In comparison, a CHW’s salary in Alabama falls between $30,319 and $40,975 and in Massachusetts, it’s $35,205 to $47,578.

Hours worked vary for CHWs too. They may work full-time, part-time, or split the job in with a partner in a job share. Some work seasonally, such as when a location has more migrant workers, or as part of a pilot program.

When deciding what to pay a CHW, think about the return on investment, which is potentially significant and continues on into the future. For example, think about what unnecessary ER visits and high hospitalization rates cost your facility. If you’re at a community- or faith-based agency, calculate the cost of whatever your program addresses.

How hiring a CHW works

When hiring, it’s not always clear if you should look close to where you are or further to bring in new talent. There are pluses and minuses to each strategy. Usually, a mix of strategies will give you the best results. Here’s a closer look at a few helpful ways to hire health workers.

Internal recruitment

Recruiting a CHW might be as simple as looking around you. You may already have staff who have a close relationship with your target community, who are natural connectors, who have a solid understanding of your agency, and who have some of the necessary skills.

Internal recruitment has the advantage of being inexpensive. Relying on supervisors and managers for referrals means you can bypass expensive recruiting agencies. You can also skip past internal onboarding practices and other compliance training and instead focus your training budget on core competencies training.


CHW Core Competency Training


Recruiting from within the organization also means that you can move quickly. There’s no job posting or extensive interview and review period, and background checks are usually already completed. You can also ask other managers for reviews, recommendations and a summary of what they like about the employee.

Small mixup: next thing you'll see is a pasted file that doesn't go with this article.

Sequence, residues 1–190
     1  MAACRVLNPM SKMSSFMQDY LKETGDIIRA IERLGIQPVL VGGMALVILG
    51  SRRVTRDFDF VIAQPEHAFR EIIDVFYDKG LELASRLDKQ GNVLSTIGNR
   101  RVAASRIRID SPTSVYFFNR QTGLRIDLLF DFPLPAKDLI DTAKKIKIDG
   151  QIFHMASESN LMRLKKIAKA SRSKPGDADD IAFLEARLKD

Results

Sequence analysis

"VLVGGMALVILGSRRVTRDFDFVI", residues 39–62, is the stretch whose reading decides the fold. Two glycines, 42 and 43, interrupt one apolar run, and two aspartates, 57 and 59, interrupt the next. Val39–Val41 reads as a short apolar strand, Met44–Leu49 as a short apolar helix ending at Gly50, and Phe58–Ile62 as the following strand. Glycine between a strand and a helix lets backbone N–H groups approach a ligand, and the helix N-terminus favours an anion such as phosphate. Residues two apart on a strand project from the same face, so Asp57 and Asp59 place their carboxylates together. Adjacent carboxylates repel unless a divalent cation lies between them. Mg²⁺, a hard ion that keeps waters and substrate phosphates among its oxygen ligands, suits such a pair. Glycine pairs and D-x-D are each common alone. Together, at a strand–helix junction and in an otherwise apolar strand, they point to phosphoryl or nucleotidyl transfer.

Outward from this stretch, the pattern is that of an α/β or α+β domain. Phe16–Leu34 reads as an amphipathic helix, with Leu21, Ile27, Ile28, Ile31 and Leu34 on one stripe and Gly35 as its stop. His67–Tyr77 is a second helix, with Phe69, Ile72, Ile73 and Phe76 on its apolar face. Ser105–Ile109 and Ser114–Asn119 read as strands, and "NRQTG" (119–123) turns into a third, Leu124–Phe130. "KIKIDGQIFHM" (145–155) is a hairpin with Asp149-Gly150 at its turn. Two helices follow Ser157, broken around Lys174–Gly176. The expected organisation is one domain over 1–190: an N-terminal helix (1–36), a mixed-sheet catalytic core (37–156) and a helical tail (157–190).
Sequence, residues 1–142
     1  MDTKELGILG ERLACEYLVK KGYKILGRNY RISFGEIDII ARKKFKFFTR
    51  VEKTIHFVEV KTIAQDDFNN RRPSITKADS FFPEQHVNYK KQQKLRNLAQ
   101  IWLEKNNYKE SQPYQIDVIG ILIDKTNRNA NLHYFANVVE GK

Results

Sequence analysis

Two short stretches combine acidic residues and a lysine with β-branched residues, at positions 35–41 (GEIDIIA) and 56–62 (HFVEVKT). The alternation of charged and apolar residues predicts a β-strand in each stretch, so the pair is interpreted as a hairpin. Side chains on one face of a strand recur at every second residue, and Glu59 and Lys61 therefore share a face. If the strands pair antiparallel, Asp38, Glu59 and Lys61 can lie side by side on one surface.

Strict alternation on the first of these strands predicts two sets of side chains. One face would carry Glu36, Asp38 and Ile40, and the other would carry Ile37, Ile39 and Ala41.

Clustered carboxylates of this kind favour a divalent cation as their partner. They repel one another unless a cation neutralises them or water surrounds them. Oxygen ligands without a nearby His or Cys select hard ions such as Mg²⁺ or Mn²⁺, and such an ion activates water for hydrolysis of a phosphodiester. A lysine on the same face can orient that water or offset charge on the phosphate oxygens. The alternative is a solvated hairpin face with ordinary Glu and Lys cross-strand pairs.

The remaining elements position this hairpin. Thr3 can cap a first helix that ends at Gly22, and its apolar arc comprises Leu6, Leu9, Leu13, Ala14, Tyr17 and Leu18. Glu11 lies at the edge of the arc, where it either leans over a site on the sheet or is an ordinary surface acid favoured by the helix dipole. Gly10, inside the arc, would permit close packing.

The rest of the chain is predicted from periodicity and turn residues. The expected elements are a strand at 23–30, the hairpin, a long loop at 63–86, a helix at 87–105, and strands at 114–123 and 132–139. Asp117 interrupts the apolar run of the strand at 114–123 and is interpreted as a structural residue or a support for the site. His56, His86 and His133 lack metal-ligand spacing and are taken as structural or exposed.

External recruitment

External recruitment can be a big help if you’re looking for someone who’s a specialized CHW or has an understanding of a community you’re having trouble reaching. This strategy has its benefits too, including:

  • A fresh perspective on your program and a population
  • New ideas they learned from outside agencies
  • Better skill sets, such as language skills or understanding of a health topic like breast cancer screening, that you might not have internally

You can post a job using the standard recruiting avenues you use for your other hires: the website, job board, administrative staffing agency, referrals, LinkedIn.

You can also appeal to partners, who might have a better network of candidates. Check in with agencies and organizations that are in the community where the CHW will be working, including churches, clinics, and local businesses. Your area might also have a CHW association that accepts job postings.

Hiring a CHW that’s reliable and will make a difference at your agency and the community is a big investment, but one that’s likely to pay off. More awareness of what CHWs do means there are more CHWs on the market. Following these tips will help you make the process as easy and efficient as possible.

How to train your team as CHWs with core competencies